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Bob Hughes makes his living selling newspaper advertising. For the past 30-some years, he's spent every autumn Saturday cheering the Gophers football team. So in both his profession and his passion, Hughes has enthusiastically embraced institutions striving to recapture the glory days of their pasts.
He is not supporting the Gophers out of obligation; he isn't a University of Minnesota alumnus, nor does he have a relative on the sidelines. He isn't lacking for things to do, since he and his wife, Mary, frequently attend Twins, Vikings and Wild games, as well as concerts and the theater. In conversation, he offers no hint of being delusional.
And he has friends, fellow travelers who share his unwavering ardor for a football team that hasn't won a Big Ten title since it tied Indiana and Purdue atop the standings in 1967. Hughes is president of the Gophers' Goal Line Club, a group of about 700 people undaunted by numbers such as 1-11 (the Gophers' record in 2007) or 55-0 (the score of their loss to Iowa in the 2008 Metrodome farewell). With a new season about to begin Thursday at Middle Tennessee State, they remain the eternal optimists, impervious to ridicule and unmoved by predictions of another bleak campaign.
They're here. They cheer. Get used to it.
"Gophers football is my passion, my love, my everything in life,'' said Hughes, sounding like Tim Brewster in the midst of a sugar-and-coffee bender. "We have been, at best, average for most of my lifetime. It's been 50 years since we won a national championship, and who knows if it'll ever happen again?
"But to me, it's more than the wins and losses. It's the experience. I can't explain what it's like to be there early on a Saturday morning, outside, with the sun shining. It is the most incredible thing. It is a rite of living in Minnesota to cheer for Golden Gopher football, and I truly believe it's one of the greatest things around.''
Loyalty has become an underrated and increasingly rare quality in our flavor-of-the-month society, particularly in sports. We're perpetually keeping score so we can line up behind the victors and taunt the losers. Just win, baby, because a whole lot of Americans need the vicarious infusions of self-esteem they get from the teams they watch.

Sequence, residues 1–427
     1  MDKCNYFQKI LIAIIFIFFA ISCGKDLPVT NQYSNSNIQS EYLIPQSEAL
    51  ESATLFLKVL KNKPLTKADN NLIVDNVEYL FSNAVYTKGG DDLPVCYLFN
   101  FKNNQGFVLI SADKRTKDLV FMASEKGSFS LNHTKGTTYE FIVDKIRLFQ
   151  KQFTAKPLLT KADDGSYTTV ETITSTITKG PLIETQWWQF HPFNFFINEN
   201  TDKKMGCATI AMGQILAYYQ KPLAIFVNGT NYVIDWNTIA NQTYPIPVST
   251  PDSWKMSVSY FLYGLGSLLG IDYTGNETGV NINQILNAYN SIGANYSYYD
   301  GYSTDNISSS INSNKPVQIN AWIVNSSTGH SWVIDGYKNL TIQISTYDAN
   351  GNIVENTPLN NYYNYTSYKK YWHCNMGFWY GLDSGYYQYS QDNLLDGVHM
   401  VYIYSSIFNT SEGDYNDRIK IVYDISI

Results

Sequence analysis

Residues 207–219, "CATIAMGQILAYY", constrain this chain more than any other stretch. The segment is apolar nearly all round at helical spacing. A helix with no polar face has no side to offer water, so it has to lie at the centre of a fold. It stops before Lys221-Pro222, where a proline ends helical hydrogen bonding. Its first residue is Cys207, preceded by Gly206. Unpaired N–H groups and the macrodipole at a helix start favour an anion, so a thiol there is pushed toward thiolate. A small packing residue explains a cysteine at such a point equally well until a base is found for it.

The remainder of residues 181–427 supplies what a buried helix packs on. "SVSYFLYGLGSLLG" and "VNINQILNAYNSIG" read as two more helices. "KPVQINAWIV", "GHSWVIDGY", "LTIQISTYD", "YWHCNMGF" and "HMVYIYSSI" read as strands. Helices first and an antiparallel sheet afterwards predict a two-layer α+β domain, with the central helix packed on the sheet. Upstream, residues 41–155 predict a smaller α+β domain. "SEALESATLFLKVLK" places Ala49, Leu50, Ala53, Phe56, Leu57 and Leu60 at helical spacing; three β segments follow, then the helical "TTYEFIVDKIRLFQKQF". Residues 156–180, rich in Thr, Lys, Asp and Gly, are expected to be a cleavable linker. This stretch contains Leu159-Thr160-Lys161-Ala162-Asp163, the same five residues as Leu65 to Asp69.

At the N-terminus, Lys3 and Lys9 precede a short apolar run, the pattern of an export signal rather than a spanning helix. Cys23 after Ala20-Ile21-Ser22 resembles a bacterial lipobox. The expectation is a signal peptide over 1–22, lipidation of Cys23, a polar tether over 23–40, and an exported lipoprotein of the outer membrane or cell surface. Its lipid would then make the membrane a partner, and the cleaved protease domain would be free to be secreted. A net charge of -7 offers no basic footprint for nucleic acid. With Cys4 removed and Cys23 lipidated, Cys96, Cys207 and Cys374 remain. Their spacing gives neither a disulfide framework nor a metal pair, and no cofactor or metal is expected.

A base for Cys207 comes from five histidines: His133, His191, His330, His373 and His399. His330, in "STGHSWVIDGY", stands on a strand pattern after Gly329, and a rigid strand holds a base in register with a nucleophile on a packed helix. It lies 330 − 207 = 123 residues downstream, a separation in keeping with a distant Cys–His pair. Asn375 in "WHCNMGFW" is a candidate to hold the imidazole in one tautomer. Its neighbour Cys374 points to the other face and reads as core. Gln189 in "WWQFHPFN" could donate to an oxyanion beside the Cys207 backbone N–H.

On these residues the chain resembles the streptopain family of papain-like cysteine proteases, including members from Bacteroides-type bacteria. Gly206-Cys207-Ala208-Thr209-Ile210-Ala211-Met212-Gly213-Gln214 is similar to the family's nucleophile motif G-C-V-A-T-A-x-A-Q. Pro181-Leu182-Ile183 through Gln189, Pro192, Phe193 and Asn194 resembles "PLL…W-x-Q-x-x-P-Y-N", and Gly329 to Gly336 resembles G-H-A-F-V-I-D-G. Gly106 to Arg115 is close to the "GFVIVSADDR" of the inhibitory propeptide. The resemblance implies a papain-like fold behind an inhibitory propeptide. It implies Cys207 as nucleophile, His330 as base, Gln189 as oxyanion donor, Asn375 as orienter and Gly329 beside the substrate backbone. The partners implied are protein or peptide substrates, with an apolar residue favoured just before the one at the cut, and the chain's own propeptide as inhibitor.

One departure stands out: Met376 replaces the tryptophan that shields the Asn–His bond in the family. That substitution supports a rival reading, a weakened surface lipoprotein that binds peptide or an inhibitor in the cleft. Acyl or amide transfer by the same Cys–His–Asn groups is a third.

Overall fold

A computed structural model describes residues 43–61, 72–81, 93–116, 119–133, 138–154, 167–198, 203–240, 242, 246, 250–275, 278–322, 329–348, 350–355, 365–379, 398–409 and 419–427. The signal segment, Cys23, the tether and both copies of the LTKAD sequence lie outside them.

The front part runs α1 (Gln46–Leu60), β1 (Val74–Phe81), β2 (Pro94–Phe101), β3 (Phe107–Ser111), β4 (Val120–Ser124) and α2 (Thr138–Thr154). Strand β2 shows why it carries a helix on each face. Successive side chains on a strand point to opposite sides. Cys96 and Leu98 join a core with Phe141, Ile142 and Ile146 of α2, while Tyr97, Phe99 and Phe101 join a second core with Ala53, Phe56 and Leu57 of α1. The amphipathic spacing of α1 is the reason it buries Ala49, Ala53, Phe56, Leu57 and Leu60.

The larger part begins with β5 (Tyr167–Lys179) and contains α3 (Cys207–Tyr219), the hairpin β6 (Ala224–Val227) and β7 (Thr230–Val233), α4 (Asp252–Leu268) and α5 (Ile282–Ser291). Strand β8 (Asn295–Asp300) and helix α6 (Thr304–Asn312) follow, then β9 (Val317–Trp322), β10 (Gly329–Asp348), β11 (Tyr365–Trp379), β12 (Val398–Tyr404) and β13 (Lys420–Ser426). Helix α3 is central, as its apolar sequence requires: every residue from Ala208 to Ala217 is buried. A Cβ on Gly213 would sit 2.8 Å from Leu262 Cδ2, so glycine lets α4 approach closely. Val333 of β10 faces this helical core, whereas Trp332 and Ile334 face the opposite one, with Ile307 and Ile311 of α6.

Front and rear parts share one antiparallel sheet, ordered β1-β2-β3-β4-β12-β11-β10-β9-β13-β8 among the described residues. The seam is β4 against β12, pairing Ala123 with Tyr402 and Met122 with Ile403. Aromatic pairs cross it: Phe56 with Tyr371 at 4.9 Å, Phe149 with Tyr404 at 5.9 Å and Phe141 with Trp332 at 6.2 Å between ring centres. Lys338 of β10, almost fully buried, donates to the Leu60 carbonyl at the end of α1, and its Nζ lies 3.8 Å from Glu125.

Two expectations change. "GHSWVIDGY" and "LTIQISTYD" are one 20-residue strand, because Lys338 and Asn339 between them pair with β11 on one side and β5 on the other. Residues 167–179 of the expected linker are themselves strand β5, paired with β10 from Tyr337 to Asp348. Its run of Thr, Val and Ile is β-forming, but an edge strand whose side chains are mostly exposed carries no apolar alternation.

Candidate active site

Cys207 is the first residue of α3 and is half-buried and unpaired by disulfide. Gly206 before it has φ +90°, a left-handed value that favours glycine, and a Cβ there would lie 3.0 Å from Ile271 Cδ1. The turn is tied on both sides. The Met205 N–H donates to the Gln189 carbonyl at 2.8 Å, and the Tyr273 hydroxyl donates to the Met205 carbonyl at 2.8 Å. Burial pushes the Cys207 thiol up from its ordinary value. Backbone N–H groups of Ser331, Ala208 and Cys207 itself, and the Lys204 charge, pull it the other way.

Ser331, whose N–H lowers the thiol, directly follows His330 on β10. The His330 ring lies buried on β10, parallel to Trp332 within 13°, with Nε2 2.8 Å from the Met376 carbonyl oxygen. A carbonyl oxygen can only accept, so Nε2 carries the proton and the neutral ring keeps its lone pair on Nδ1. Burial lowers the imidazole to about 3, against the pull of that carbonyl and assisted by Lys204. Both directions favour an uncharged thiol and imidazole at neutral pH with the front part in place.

Many Gophers fans have gone underground or abandoned the bandwagon during the program's decades of wandering in the Big Ten desert. Even with the move to the sleek new TCF Bank Stadium last year, the student section remained half-empty for some games. Those who still show up are stereotyped as graybeards who probably sat next to Bruce Smith in a lecture hall.
Jake Murphy is 39, about half the assumed age of a typical Gophers loyalist. The chairman of the Goal Line Club, he oversees a lively social scene in which fun is not dependent upon results. It's not that Murphy is satisfied with mediocrity; he still remembers how painful it was to sit through that blowout against Iowa. But he believes that focusing on winning, and not on the myriad pleasures of a Saturday at the stadium, is missing the forest for the trees.
"You need persistence,'' Murphy said. "It's not for the faint of heart. But at the Cal game last year (a 35-21 Gophers loss), it was 80 degrees and sunny. It was a good, hard-fought football game, and people were outside with friends and food and cold beverages, enjoying the last fleeting minutes of a Minnesota summer. If you didn't have fun there, you've got problems.''
It's expected this season will be another tough one. The Gophers enter Thursday's opener as only a three-point favorite to a Sun Belt Conference team missing its star quarterback, and are predicted to be one of the worst teams in the Big Ten.
As confirmed believers, Hughes, Murphy and company feel certain the Gophers will improve. They know some of their friends and co-workers will suspect they've drunk the heavily spiked Kool-Aid, but they also know there are open hearts and minds just waiting to be converted. Hughes, ever the salesman, already has lured a dozen new members to the Goal Line Club.
They may not see many victories this fall. That might chase off lesser souls, but not those who define sports utopia as a brisk Dinkytown afternoon filled with friends, food and an endless supply of hope.
"I've had co-workers and friends who wondered what I was doing, being a Gophers fan,'' Murphy said. "Then I brought them to a tailgater. They don't give me grief any more. If you love the whole college football experience, it's a good day no matter who wins.''
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